Among the many nopal recipes, you’ll find egg dishes, relishes, and soups along with our classic stuffed paddles that are deep-fried to a golden brown. When nopales are sliced or chopped, they’re called nopalitos. Taste-wise, think of an extra-mild green bean. If you’re lucky, you’ll find paddles that are cleaned, but more likely you’ll have to remove the thorns, along with smaller hair-like spikes.

As you work, the cactus will begin to seep a slimy sap, similar to okra. Most of it will blanch and rinse off before cooking. The filling for deep-fried cactus paddles includes jack cheese, onions and jalapenos. Use a classic fry batter of your choice. Plan on a single paddle for each person, if you’re serving it with – or as – a side dish.

Deep-Fried Stuffed Cactus Paddles
Makes 6 servings

6 cactus paddles
1/2 onion, sliced

READ MORE:  https://hispanickitchen.com/2010/10/04/deep-fried-stuffed-cactus-paddles/

 

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10 All-Natural DIY Fertilizers for Your Garden and Yard By Bruce and Jeanne Lubin

You’ve probably heard that you can use a banana peel and other compost to fertilize your garden, but did you know some items—like gelatin, coffee grounds, and even a matchbook—can have specific benefits for your plants?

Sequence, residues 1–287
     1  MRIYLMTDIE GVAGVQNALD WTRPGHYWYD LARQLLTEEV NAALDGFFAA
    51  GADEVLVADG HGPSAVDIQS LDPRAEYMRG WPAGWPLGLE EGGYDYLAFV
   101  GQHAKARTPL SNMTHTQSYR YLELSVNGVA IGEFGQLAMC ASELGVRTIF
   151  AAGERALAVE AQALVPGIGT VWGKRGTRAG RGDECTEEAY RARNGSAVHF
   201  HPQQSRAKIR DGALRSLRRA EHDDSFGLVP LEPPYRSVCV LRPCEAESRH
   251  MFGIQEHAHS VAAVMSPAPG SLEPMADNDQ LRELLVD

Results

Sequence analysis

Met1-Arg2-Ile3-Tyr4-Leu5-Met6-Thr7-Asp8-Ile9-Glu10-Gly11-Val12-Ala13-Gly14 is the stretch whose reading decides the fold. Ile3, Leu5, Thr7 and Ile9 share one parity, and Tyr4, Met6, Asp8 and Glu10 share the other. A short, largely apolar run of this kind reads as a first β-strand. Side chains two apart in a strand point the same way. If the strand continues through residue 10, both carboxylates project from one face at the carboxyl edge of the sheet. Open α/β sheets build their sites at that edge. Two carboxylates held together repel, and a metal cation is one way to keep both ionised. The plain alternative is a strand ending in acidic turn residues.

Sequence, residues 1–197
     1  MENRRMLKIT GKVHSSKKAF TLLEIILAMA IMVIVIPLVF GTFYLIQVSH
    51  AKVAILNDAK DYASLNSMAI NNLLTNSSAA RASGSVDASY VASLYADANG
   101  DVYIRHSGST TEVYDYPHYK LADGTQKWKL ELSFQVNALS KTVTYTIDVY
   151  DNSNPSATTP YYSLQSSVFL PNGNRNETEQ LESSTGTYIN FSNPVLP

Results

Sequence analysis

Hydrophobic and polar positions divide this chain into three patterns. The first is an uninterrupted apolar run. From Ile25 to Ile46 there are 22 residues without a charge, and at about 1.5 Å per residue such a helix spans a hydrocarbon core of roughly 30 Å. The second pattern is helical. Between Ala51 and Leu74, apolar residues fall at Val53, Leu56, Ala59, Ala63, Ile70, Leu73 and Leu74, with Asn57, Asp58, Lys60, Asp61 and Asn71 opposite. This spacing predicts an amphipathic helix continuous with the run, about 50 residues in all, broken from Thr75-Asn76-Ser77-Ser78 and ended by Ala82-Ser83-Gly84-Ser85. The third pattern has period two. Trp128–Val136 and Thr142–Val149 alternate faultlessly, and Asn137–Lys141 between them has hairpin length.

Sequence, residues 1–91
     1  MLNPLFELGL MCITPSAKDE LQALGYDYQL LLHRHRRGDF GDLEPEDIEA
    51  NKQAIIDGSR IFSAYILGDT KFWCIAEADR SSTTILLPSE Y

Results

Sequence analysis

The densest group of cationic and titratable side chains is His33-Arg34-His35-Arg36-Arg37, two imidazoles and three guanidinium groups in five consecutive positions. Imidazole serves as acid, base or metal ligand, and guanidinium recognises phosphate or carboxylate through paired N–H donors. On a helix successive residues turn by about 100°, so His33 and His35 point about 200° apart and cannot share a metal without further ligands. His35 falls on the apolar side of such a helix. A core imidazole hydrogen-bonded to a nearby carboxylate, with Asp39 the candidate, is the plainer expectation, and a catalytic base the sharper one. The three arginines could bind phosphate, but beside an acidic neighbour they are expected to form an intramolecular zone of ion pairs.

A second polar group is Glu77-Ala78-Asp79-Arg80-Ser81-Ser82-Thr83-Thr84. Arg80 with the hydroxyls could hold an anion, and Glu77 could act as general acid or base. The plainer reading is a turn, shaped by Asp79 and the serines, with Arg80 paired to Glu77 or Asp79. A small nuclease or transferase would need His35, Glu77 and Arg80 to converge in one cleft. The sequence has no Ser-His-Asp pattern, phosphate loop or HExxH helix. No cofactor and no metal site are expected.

gardening

Hydrogen Peroxide for Plant Roots

Help strengthen your plant’s root system with hydrogen peroxide—the extra pump of oxygen from the peroxide prevents root rot and over-watering. Just mix a tablespoon of hydrogen peroxide with 2 cups water, and water your plant with the solution. Its disinfectant properties will fend off bacteria, mold, fungus, and other nasty soil-borne diseases.

Cereal Crumb Fertilizer

Did you know that cereal crumbs are great for plants? They supply much-needed nutrients to the soil, which makes sense given that they’re grains that came from the soil in the first place! Instead of shaking the box over the trash before ripping it up for recycling, dump the remains of the flakes into your houseplants or garden for a treat they’ll love.

Make Your Own Bonemeal

As you may know, bonemeal is an excellent source of nutrients for your plants. But instead of spending $8–$10 on a bag at your local gardening store, make your own! Bonemeal is just bones, after all. Save bones from chicken, turkey, steaks, and stews, then dry them out by roasting them in a 425ºF oven for a half an hour or microwaving them on high for 1–6 minutes (depending on how many bones you have). Then place them in a plastic or paper bag and grind them up by hitting them with a hammer, then rolling them with a rolling pin. Mix the resulting powder into your soil for a life-producing treat for your plants. And you didn’t spend a cent!